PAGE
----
When working with multi-file solutions in FileMaker, sharing variables can be a stumbling block. In this blog, I will explain the process we chose when we built the Button Bar Sort Headers solution. It is one of my favorite techniques for sharing variables when they are needed for field calculations.
What is a multi-file solution? This is most common when using the data separation model, but it comes up regularly in other solutions as well. Basically, a multi-file solution is one where you have more than one FileMaker file integrated via external data sources.
When building the Button Bar Sort Headers solution a couple of years back, we initially tested and configured it for a single file. At that time, we were able to leverage FileMaker’s global variables to store the state and user selected information about what to sort. The button bar script, sort fields, and layout objects would use that information to determine what should be displayed, how they should be sorted, and what the button should look like. One of the key dependencies that makes the button bar work so well is based on Kevin Franks Easy Sorting technique. This worked great for a single file. However, following murphy’s law, the first solution we attempted to implement the Button Bar Sort Headers in wasn’t a single file solution. In fact, it was in a data separated file that used two FileMaker Files. An Interface file, and a data file.
The problem: using Kevin’s Technique meant you needed to set a global variable that is referenced in a field calculation to determine sorting order. This is a great technique and very fast, but how can you share variable information between FileMaker files? With the chart below you can see the availability of the variables, and while the Let function and the local variable obviously wouldn’t work as they are local. The global variable only works within a single file (wouldn’t it be great if there was a variable type with a scope that was solution wide?).
Here are 3 techniques to share variable information between FileMaker files:
Pass them as a script parameter to a script in another file, and then you can declare them in that script via the Let function, local variable, or global variable.
This has some overhead and requires you to have a script to in the destination file that does the heavy lifting. Every time you need to update it you need to call that script.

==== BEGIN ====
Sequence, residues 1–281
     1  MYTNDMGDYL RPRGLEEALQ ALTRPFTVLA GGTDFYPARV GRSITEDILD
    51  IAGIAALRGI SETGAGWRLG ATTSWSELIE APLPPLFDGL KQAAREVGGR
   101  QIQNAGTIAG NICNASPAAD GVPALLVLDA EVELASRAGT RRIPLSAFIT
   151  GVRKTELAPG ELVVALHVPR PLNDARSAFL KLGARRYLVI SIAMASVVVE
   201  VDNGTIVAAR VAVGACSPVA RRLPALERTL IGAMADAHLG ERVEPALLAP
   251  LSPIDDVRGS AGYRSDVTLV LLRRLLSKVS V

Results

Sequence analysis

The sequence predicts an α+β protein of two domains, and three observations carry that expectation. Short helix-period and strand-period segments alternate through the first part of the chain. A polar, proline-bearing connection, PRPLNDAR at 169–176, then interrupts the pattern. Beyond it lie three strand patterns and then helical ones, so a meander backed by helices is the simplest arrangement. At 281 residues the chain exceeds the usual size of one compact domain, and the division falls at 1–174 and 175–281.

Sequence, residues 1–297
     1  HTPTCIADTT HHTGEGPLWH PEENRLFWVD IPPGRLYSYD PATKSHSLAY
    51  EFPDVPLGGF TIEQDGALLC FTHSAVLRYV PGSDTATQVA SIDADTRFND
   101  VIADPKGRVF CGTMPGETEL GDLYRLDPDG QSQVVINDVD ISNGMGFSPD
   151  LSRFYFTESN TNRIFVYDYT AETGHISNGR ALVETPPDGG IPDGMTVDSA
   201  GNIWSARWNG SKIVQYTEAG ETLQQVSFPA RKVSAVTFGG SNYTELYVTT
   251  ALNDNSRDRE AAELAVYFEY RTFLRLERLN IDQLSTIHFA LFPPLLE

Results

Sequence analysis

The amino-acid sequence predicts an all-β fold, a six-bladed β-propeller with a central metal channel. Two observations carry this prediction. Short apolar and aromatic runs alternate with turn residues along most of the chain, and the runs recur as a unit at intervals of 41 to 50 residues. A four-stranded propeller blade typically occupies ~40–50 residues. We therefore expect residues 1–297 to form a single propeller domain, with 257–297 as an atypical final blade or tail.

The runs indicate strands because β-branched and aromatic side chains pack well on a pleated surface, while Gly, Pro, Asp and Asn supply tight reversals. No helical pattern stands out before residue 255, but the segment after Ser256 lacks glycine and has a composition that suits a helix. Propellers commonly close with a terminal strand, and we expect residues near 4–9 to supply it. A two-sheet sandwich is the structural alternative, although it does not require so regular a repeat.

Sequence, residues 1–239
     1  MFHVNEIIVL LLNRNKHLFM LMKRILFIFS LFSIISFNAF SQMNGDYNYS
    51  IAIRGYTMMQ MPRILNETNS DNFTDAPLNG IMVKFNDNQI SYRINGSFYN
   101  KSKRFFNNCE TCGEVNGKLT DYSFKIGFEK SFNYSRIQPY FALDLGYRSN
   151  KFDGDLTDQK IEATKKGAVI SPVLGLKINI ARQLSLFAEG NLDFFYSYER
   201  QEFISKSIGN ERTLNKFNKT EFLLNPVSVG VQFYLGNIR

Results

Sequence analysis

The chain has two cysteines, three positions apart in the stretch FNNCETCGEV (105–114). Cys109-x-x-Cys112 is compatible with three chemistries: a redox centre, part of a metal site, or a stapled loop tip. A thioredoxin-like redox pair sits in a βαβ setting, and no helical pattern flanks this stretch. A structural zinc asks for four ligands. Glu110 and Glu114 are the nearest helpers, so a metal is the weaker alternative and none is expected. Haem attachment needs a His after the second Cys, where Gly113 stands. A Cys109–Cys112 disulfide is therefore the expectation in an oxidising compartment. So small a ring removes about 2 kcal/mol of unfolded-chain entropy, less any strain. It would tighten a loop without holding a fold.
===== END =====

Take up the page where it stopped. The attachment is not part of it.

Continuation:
Set a field in one of the records of the other file.
This is pretty straightforward, once you have a table reference from the destination file, but it can be prone to record locking and it only allows for 1 value for all users.
Set a global field in one of the tables of the other file.
This works great as it can be referenced via a table reference from the destination file, and it is only stored in the client app, so there is no record locking issues. Ie. It can be different for every user.
Because the above problem requires a field calculation, the one I like the best is to use a global field in the Data file. I usually place it in a table titled ‘preferences’ or ‘globals’. It can be set easily from the Interface file by adding a table occurrence in the Interface file that points to the table in the Data file - where the global field will be referenced.
Below is an example of Kevin Frank’s calculation field for the sort order. This is the original calculation for a single file that used a global variable for the Sort_Asc field in a single file. You can see we are referencing the global’s $$SORT.SORT and $$SORT.TOSORT to pass information into the calculation:
This is the updated version using a global field from a ‘globals’ table to reference the ‘gSortDirection’, and the ‘gSortFieldName’ for a multi-file solution:
As you can see we can reference the global field in the same way we had referenced the global variable. The benefit of this handling is that when the global field is changed it updates the calculation. There is a little extra overhead needed to use the global field, so it may not be the best if you have a single file solution, but for a multi-file solution, adding the field and table occurrence is minor in comparison to the benefits.